Partition

From Gentoo Wiki
Jump to:navigation Jump to:search
Other languages:
English
Resources

A partition is a means of splitting a block device up to sub-regions. It allows creating a more manageable and adaptive "logical" structure visible to the system.

Master Boot Record (MBR)

Used for a long time to organize data, also called DOS-Partitions. Partition information is stored in the first 512 bytes of the device.

  • Widespread and supported in nearly all operating systems.
  • Very well documented.
  • Maximum of 4 primary partitions per device.
  • Maximum size of the device 2 TiB.
  • Using one primary partition as an extended partition, it is possible to create additional logical partitions to work around the problem of only 4 primary partitions.

Available software

The following programs can be used to create, alter, and remove MBR partitions:

Program Package GUI Function
cfdisk sys-apps/util-linux No Create, alter, and remove partitions.
fdisk sys-apps/util-linux No Create, alter, and remove partitions.
parted sys-block/parted No Create, alter, remove, check, copy partitions and file systems.
gparted sys-block/gparted GTK3 GNOME Partition Editor; create, alter, and remove partitions.
partitionmanager sys-block/partitionmanager Qt5 KDE Partition Manager; create, alter, and remove partitions.

Supported operating systems

  • BSD (Mac OS X) - full support.
  • DOS - full support.
  • Linux - full support.
  • Solaris - full support.
  • Windows - full support.

GUID Partition Table (GPT)

In GUID (Global Unique IDentifier) partition system, a small amount of disk space at the beginning of the device is used to store the partition information. Its main advantage is the supported size of storage devices and the creation of a backup of the partition table at the end of the device.

  • Widespread and supported in most modern operating systems.
  • Maximum of 128 primary partitions per device.
  • Maximum size of the device 8 ZiB.

Available software

The following programs can be used to create, alter, and remove GPT partitions:

Program Package GUI Function
gptfdisk sys-apps/gptfdisk No Create, alter, remove, convert MBR to GPT, and recreate partition tables from backup.
parted sys-block/parted No Create, alter, remove, check, copy partitions and file systems.
gparted sys-block/gparted GTK3 GNOME Partition Editor; create, alter, and remove partitions.
partitionmanager sys-block/partitionmanager Qt5 KDE Partition Manager; create, alter, and remove partitions.

Supported operating systems

  • BSD (Mac OS X) - full support.
  • Linux - full support.
  • Windows - Installs into the /boot/EFI/Microsoft/ subdirectory of the ESP.

Logical Volume Manager (LVM)

LVM is a complete suite to dynamically manage partitions, storage devices or other underlying systems as volumes.

  • Widespread and supported in most modern operating systems.
  • Maximum size of the device depends on the underlying systems limitations.
  • Maximum size of Logical Volumes is 8 EiB on 64-bit Linux and 16 TiB on 32-bit Linux.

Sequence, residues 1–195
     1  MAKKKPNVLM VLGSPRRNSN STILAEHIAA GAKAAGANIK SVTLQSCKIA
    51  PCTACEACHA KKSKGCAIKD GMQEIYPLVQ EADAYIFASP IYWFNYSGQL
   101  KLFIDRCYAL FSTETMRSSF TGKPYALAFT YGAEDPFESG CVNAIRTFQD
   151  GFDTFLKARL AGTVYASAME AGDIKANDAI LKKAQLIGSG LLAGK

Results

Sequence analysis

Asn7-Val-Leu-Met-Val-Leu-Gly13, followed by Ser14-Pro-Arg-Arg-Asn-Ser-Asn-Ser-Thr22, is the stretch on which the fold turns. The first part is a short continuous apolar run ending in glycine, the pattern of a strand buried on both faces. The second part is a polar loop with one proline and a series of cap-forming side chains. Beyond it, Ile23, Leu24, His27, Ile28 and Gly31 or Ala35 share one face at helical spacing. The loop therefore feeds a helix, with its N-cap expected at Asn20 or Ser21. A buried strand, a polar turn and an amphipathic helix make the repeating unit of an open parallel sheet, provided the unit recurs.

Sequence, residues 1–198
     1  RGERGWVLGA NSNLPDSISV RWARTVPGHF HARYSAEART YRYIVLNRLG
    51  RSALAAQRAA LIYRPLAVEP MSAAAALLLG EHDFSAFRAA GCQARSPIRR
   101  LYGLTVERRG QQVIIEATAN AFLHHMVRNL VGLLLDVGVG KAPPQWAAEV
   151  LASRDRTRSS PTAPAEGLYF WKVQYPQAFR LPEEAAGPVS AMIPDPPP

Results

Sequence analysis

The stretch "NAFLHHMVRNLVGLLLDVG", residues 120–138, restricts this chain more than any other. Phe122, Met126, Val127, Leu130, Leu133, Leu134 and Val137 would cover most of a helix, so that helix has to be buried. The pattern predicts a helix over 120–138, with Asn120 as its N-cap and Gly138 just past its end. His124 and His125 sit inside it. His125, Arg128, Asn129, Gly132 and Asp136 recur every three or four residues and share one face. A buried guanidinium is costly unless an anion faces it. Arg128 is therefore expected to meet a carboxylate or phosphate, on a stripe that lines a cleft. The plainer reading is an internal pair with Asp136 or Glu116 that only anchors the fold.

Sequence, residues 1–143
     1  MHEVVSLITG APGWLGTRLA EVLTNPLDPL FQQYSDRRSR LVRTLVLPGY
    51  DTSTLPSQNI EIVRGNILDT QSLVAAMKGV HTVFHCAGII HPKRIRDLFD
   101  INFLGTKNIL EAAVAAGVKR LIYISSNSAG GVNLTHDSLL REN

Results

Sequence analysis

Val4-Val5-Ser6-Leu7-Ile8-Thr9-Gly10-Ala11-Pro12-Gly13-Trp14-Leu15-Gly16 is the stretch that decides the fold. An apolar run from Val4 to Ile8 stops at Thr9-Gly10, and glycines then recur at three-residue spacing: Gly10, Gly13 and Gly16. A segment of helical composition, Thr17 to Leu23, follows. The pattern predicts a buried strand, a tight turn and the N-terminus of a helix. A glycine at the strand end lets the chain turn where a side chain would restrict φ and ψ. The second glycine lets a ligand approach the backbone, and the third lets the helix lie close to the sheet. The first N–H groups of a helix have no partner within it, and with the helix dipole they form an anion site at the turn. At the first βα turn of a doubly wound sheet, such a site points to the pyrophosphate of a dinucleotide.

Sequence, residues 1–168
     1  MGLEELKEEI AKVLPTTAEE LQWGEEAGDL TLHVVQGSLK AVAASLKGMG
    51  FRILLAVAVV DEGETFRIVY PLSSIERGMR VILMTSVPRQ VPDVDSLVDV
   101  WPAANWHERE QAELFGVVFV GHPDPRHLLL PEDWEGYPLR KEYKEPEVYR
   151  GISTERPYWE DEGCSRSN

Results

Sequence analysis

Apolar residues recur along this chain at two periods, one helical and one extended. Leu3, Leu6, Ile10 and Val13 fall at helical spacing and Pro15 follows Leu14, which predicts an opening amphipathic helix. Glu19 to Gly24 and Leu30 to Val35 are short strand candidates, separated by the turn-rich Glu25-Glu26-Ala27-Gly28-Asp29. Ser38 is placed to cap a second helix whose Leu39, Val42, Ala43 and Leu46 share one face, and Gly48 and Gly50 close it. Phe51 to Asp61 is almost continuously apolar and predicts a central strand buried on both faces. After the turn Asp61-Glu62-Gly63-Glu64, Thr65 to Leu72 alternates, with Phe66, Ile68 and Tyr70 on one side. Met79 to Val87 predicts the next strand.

• Storage devices, RAID system, network storage (e.g. iSCSI) can be used as Physical Volumes (no need of partitioning).
  • Provides basic forms of data redundancy (RAID 1, RAID 5) or stripset (RAID 0) for performance.
Note
To use features like dynamic resizing, the used filesystem should be resizable as well.

Available software

The following programs come with sys-fs/lvm2

Program GUI Function
pvcreate No Create or remove Physical Volumes of storage devices/systems.
vgcreate No Groups PV as Volume Group.
lvcreate No Create, alter, and remove volumes.

The following programs can be used to create, alter, and remove LVM partitions:

Program Package GUI Function
partitionmanager sys-block/partitionmanager Qt5 KDE Partition Manager; create, alter, and remove LVM PVs, VGs, LVs.

Supported operating systems

  • BSD - cannot boot itself, needs Linux GRUB2 with dual boot.
  • Linux - full support.
Note
This is the Linux specific LVM implementation, other OS have their own systems, see Logical volume management.

ZFS

ZFS is a complete suite to dynamically manage storage and filesystem.

  • Support in Linux (via ZFSOnLinux[1]), Solaris, FreeBSD.
  • Needs GRUB2 bootloader.
  • Maximum size of a single zpool is 256 ZiB
  • Storage devices can be used complete as vdev (no need of partitioning)
  • Zpools are created once and cannot be resized afterwards. Every volume has access to the full capacity of the zpool, this can be reduced via quota.
  • It provides forms of redundancy like RAID 1 (mirroring), and RAID 0 (striping) for performance. Also supports RAID 5, RAID 6, etc.
  • Has its own filesystem with features like compression, copy-on-write, and deduplication.

Available software

The following programs come with sys-fs/zfs:

Program GUI Function
zpool No Manage and organize vdevs in zpools.
zfs No Create, alter (resize), and remove volumes.

Supported operating systems

  • BSD - full support.
  • Linux - built as external module because of the CDDL and GPL license conflict - mostly supported.
  • Solaris - full support.

See also

References